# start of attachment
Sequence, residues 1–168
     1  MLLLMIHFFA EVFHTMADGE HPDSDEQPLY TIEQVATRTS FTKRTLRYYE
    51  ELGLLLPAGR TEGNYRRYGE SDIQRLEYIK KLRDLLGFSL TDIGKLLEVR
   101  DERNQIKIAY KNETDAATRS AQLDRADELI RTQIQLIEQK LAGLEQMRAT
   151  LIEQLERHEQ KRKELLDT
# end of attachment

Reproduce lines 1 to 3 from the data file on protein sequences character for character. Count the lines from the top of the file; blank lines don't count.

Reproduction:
Sequence, residues 1–168
     1  MLLLMIHFFA EVFHTMADGE HPDSDEQPLY TIEQVATRTS FTKRTLRYYE
    51  ELGLLLPAGR TEGNYRRYGE SDIQRLEYIK KLRDLLGFSL TDIGKLLEVR